American University Law Faculty, SCOTUS Blog Founder Tom Goldstein Analyze What’s Next for U.S. Supreme Court
AUWCL constitutional law faculty and SCOTUS Blog Founder Tom Goldstein '95
discuss the future of the Supreme Court without Justice Scalia
On Tuesday, Feb. 16, at 3 p.m., American University Washington College of Law constitutional law faculty and Supreme Court experts were joined by AUWCL alum and SCOTUSblog Founder Tom Goldstein for a panel presentation on “What’s Next for the U.S. Supreme Court?” The program addressed a range of issues facing the country following the unexpected death of long-time Associate Justice Antonin Scalia this past weekend.
- Justice Scalia’s legacy and how his absence will change the dynamics of the Court
- Ramifications on cases still pending this term
- Next steps for the political parties and President Obama
- Expert takes on potential replacement nominees – “Who should be nominated?” and “Who will be nominated?”
- Tom Goldstein ’95, partner at Goldstein & Russell P.C., is an appellate advocate and founder of SCOTUSblog who is best known as one of the nation’s most experienced Supreme Court practitioners. Goldstein has served as counsel to one of the parties in roughly 10% of all of the Court’s merits cases for the past 15 years (more than 100 in total), personally arguing 38.
- Stephen Wermiel, professor of practice in constitutional law at AUWCL, holds expertise in the U.S. Supreme Court, having covered the court for the Wall Street Journal from 1979 until 1991. He is the author of a biweekly column on SCOTUSblog aimed at explaining the Supreme Court to law students and co-author of JUSTICE BRENNAN: LIBERAL CHAMPION, the definitive biography of the late Supreme Court Justice William J. Brennan Jr. Wermiel teaches constitutional law, First Amendment, and a seminar on the workings of the Supreme Court at AUWCL.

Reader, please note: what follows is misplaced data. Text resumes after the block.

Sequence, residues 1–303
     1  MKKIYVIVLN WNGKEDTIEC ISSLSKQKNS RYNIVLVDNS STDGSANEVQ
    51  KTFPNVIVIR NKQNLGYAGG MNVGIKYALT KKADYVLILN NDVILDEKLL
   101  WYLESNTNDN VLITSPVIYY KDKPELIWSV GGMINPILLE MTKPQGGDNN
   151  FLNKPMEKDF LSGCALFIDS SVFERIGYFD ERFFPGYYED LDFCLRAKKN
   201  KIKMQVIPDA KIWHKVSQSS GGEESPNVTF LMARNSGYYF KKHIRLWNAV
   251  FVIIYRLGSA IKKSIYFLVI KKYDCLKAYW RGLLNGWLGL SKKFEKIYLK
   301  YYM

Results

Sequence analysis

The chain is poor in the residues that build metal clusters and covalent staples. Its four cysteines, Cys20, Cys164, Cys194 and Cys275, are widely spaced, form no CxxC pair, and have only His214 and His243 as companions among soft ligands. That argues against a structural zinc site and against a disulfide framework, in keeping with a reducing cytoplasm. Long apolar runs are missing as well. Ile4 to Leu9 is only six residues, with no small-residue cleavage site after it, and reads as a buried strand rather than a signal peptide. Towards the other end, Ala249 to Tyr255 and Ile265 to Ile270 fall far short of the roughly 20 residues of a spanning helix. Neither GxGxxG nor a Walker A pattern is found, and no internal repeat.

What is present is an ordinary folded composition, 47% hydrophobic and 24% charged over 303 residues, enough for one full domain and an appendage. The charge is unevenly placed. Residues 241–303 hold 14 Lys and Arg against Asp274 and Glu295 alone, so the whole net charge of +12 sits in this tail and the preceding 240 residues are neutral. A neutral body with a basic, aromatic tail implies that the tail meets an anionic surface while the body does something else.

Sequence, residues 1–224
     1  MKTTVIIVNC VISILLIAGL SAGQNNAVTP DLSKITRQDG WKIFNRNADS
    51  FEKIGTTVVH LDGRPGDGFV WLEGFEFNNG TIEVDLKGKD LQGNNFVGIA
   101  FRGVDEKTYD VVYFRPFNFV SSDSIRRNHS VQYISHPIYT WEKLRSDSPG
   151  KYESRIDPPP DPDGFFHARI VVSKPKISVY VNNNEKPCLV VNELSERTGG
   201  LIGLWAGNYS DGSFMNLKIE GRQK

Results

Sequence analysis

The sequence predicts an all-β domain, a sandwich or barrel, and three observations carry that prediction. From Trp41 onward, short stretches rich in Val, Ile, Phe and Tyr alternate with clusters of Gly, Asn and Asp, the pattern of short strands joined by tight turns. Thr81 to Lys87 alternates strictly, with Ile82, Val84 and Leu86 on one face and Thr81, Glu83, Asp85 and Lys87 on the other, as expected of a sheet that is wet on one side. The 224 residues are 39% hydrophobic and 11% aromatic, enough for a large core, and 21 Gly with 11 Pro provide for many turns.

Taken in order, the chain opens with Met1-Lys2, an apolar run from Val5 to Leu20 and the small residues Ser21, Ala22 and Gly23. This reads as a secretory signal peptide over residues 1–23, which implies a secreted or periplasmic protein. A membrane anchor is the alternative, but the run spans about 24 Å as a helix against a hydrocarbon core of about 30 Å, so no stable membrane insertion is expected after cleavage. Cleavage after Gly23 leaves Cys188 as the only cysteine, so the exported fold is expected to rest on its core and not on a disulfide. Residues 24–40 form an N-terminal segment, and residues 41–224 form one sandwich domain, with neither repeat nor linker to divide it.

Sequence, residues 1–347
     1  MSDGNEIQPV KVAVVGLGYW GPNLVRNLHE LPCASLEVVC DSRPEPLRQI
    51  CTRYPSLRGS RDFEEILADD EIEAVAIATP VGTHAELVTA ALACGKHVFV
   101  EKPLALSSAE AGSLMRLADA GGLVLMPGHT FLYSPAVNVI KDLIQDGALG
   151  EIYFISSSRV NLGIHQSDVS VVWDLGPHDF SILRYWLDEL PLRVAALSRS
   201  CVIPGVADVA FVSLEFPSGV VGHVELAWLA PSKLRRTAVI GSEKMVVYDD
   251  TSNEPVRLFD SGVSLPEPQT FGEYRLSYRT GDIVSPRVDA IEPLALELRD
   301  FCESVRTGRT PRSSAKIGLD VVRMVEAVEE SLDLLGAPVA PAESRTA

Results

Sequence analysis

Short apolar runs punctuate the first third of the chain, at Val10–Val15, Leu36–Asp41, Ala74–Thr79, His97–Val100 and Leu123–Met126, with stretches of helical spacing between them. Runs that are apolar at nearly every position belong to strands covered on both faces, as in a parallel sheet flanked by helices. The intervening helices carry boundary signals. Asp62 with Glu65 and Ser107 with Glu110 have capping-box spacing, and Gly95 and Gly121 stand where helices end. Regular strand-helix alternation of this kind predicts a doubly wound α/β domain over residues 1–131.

- Susan Carle is a professor of law and constitutional law professor at AUWCL who teaches and writes about civil rights legal history, employment discrimination, labor and employment law, legal ethics, and the history and sociology of the legal profession. She teaches Constitutional Law and Employment and Labor Law at AUWCL.
- Lia Epperson, professor of law and associate dean for faculty and academic affairs at AUWCL, is a nationally recognized expert in the areas of civil rights, constitutional law, and education policy. Her scholarship centers on the constitutional dialogue between federal courts and the political branches, and its implications for educational equity.
- Amanda Frost is a professor of law at AUWCL who writes and teaches in the fields of constitutional law, federal courts and jurisdiction, immigration law, and judicial ethics. She authors the “Academic round-up” column for SCOTUSblog. Before entering academia, Frost clerked for Judge A. Raymond Randolph on the U.S. Court of Appeals for the D.C. Circuit and spent five years as a staff attorney at Public Citizen, where she litigated cases at all levels of the federal judicial system.
- Stephen Vladeck is a professor of law at American University Washington College of Law whose teaching and research focus on federal jurisdiction, constitutional law, and national security law. He is a nationally recognized expert on the role of the federal courts in the war on terrorism who frequently represents parties or amici in litigation challenging government counterterrorism policies.
- William Yeomans is a fellow in law and government at AUWCL. From 2006 until 2009, he served as Sen. Edward M. Kennedy’s Chief Counsel on the Senate Judiciary Committee. He was previously Legal Director of the Alliance for Justice and spent 26 years at the Department of Justice where he litigated civil rights cases in the federal courts.
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The final week of the just-completed U.S. Supreme Court session was marked with some landmark decisions, which will impact millions. American University Washington College of Law faculty closely followed the Court’s decisions, analyzing the implications, politics, and consequences of each of the cases.